Schwartz is also a senior partner of the Monitor Group, another think tank and consultancy.

Over the years his clients have included the President’s Council on Sustainable Development; the US Departments of Defense and Environmental Protection; Singapore’s Research, Innovation and Enterprise Council; and scores of corporations.

Schwartz’s work on climate change and energy-related issues spans three decades. He is author of five books, including The Art of the Long View, which outlines his “scenaric” approach to strategic planning, Seven Tomorrows, and Inevitable Surprises, and untold number of papers and studies.

Over the years, Schwartz has frequently written optimistically about the future of the renewable energy sector, and, as detailed below, he’s acted on those sentiments with a commitment of his venture capital dollars.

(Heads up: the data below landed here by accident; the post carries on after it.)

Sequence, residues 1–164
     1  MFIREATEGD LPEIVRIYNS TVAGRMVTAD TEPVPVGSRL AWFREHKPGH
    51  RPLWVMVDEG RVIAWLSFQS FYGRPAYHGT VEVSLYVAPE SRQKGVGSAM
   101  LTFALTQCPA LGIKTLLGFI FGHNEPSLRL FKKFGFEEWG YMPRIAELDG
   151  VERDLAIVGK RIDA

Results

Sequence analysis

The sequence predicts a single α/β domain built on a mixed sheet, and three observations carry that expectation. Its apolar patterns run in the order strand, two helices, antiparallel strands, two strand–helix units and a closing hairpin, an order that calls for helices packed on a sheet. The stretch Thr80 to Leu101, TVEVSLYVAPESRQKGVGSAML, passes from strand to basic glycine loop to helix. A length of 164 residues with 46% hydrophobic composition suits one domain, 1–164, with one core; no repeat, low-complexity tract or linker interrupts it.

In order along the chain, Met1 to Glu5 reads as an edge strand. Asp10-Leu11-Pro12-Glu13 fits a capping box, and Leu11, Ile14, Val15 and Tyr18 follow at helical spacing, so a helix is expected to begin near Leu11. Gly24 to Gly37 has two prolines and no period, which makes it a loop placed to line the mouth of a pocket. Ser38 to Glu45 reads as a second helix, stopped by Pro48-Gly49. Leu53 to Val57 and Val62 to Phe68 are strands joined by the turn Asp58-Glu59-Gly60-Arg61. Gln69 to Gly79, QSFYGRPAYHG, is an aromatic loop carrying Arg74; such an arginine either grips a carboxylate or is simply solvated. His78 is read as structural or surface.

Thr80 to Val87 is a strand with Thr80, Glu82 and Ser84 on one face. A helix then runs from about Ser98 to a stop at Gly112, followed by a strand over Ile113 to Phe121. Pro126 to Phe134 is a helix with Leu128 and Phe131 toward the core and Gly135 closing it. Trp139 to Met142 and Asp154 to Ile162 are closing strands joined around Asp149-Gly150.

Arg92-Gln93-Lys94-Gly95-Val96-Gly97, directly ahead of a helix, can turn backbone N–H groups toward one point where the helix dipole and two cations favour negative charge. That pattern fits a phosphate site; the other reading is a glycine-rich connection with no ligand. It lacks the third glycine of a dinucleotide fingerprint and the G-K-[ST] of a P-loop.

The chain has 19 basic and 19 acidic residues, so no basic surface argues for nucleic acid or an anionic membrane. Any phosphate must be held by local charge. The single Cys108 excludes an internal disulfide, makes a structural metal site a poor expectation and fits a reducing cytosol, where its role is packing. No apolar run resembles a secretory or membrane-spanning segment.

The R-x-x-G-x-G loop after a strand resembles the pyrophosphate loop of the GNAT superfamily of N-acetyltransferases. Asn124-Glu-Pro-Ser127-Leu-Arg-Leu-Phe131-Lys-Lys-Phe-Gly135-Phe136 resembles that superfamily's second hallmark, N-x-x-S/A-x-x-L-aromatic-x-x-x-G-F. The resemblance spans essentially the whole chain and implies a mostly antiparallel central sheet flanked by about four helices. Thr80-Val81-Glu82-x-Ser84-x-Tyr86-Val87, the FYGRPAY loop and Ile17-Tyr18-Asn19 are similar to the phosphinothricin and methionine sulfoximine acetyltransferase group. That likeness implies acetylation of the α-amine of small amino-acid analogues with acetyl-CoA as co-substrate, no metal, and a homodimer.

Reading over things you’ve written and said about renewable energy in recent years, it seems to be you’ve been fairly optimistic about the development of the sector. Recently, however, the sector has been buffeted by a rolling back of incentives in Europe and continued uncertainty over US energy policy. Aren’t things kind of a jumble right now?

Well, I think that’s right, but having said that, renewables are going ahead more quickly, in more places, more often, and with a greater variety of technology and technological options than ever before. And along with that, investment in companies within the sector has been quite remarkable.